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ARS Home » Research » Publications at this Location » Publication #62989


item Fulton, Janet
item Young, Evelyn
item Bacon, Larry

Submitted to: Immunogenetics
Publication Type: Peer Reviewed Journal
Publication Acceptance Date: 11/15/1995
Publication Date: N/A
Citation: N/A

Interpretive Summary: Chickens have genes that make them resistant to various diseases. Antibodies can be used to find out if chickens have the genes for resistance. This paper describes different antibodies that are useful for identifying which chickens have the genes for disease resistance and chicken breeders can use this information to help select more resistant birds.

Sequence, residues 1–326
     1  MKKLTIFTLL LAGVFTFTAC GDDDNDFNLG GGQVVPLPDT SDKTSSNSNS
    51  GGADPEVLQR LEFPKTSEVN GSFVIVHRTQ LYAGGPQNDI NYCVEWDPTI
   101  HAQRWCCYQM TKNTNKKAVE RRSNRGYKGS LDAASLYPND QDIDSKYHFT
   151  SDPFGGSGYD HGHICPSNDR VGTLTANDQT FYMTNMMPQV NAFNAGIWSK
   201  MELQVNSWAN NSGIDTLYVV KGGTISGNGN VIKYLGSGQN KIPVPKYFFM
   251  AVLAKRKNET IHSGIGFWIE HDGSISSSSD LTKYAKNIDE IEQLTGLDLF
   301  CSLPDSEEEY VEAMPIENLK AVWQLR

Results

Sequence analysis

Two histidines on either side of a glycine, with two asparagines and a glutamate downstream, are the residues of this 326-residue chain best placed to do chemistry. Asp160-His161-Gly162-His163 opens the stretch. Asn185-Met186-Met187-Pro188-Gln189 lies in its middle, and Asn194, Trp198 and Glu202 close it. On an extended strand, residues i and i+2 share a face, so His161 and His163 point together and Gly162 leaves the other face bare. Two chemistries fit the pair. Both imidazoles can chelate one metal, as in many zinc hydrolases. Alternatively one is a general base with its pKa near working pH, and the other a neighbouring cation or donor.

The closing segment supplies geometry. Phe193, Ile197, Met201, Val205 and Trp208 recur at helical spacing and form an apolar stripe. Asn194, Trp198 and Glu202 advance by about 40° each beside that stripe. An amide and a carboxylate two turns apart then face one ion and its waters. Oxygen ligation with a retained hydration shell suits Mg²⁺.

Technical Abstract: This study utilized flow cytometric analysis to resolve identities of MHC-defined epitopes in the chicken. The analysis relied on antisera produced by MHC-congenic chickens that were reacted with peripheral blood cells obtained from chickens of seven MHC haplotypes. Individual antisera differed in reactivity to different cell populations of the peripheral blood as well as in specificity for different haplotypes. RBC specific cross-reactive antigens attributed to B-G molecules were demonstrated for the B5:B19, B12:B19 and B19:B21 cross-reactions. Cross-reactive antigens detected on RBC and thrombocytes attributable to thrombocyte B-G molecules were demonstrated for the B2:B12, B2:B12, B2:B19 and B2:B21 cross-reactions. In addition, cross-reactive antigens occurring on RBC and PBM were atttributable to B-F (or RBC and lymphocyte expressed B-G loci) and included the B12:B13, B13:B19 and B15:B19 cross-reactions. Several antisera with specificity to B-cells purportedly identifying B-L epitopes were found but their numbers were limited and cross-reactivities were not defined. Many of these identities have not been described previously, but their existence is confirmed by a historical inability to produce antisera between individuals having these comparable haplotypes. The identities described here will be useful in understanding B-haplotype similarities and differences in disease resistance and immune response.